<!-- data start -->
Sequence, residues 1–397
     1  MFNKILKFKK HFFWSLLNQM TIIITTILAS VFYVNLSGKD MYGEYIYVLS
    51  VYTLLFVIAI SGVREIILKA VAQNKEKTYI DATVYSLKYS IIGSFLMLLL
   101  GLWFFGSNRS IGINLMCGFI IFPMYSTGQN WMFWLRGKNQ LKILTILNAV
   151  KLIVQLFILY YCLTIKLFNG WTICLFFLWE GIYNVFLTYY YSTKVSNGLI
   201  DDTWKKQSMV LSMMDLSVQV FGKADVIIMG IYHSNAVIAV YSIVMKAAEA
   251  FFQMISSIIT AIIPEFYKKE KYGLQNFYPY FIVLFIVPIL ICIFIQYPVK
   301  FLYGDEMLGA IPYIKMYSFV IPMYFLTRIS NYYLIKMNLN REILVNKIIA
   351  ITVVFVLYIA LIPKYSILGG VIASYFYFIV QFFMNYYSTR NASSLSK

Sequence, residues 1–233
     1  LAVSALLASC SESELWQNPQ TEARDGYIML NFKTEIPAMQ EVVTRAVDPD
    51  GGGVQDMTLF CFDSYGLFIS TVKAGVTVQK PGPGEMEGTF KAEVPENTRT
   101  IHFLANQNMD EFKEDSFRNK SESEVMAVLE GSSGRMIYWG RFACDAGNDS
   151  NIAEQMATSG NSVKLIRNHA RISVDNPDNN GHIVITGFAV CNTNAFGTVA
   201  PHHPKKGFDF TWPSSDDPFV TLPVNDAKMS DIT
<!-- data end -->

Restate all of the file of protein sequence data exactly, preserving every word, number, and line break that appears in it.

Sequence, residues 1–397
     1  MFNKILKFKK HFFWSLLNQM TIIITTILAS VFYVNLSGKD MYGEYIYVLS
    51  VYTLLFVIAI SGVREIILKA VAQNKEKTYI DATVYSLKYS IIGSFLMLLL
   101  GLWFFGSNRS IGINLMCGFI IFPMYSTGQN WMFWLRGKNQ LKILTILNAV
   151  KLIVQLFILY YCLTIKLFNG WTICLFFLWE GIYNVFLTYY YSTKVSNGLI
   201  DDTWKKQSMV LSMMDLSVQV FGKADVIIMG IYHSNAVIAV YSIVMKAAEA
   251  FFQMISSIIT AIIPEFYKKE KYGLQNFYPY FIVLFIVPIL ICIFIQYPVK
   301  FLYGDEMLGA IPYIKMYSFV IPMYFLTRIS NYYLIKMNLN REILVNKIIA
   351  ITVVFVLYIA LIPKYSILGG VIASYFYFIV QFFMNYYSTR NASSLSK

Sequence, residues 1–233
     1  LAVSALLASC SESELWQNPQ TEARDGYIML NFKTEIPAMQ EVVTRAVDPD
    51  GGGVQDMTLF CFDSYGLFIS TVKAGVTVQK PGPGEMEGTF KAEVPENTRT
   101  IHFLANQNMD EFKEDSFRNK SESEVMAVLE GSSGRMIYWG RFACDAGNDS
   151  NIAEQMATSG NSVKLIRNHA RISVDNPDNN GHIVITGFAV CNTNAFGTVA
   201  PHHPKKGFDF TWPSSDDPFV TLPVNDAKMS DIT